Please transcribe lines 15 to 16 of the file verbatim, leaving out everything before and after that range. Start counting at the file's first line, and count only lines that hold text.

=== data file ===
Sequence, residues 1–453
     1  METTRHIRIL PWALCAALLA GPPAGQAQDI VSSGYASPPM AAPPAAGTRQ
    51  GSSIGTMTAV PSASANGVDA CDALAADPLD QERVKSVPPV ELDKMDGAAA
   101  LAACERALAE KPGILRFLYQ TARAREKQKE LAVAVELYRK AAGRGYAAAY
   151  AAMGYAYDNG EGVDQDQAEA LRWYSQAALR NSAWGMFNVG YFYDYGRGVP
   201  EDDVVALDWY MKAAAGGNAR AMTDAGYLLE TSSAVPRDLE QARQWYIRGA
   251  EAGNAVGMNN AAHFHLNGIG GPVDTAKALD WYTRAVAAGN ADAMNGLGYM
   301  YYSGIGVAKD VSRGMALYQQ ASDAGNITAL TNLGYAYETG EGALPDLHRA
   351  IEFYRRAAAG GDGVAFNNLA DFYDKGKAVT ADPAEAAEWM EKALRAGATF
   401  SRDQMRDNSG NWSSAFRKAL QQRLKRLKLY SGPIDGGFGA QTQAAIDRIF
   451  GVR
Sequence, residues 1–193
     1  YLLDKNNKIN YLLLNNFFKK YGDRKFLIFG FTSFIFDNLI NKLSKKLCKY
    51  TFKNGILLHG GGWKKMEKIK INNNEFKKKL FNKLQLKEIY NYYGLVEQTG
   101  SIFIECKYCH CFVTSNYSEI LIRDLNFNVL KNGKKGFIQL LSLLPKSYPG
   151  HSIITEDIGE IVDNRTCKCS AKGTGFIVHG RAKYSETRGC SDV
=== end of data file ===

   101  SIFIECKYCH CFVTSNYSEI LIRDLNFNVL KNGKKGFIQL LSLLPKSYPG
   151  HSIITEDIGE IVDNRTCKCS AKGTGFIVHG RAKYSETRGC SDV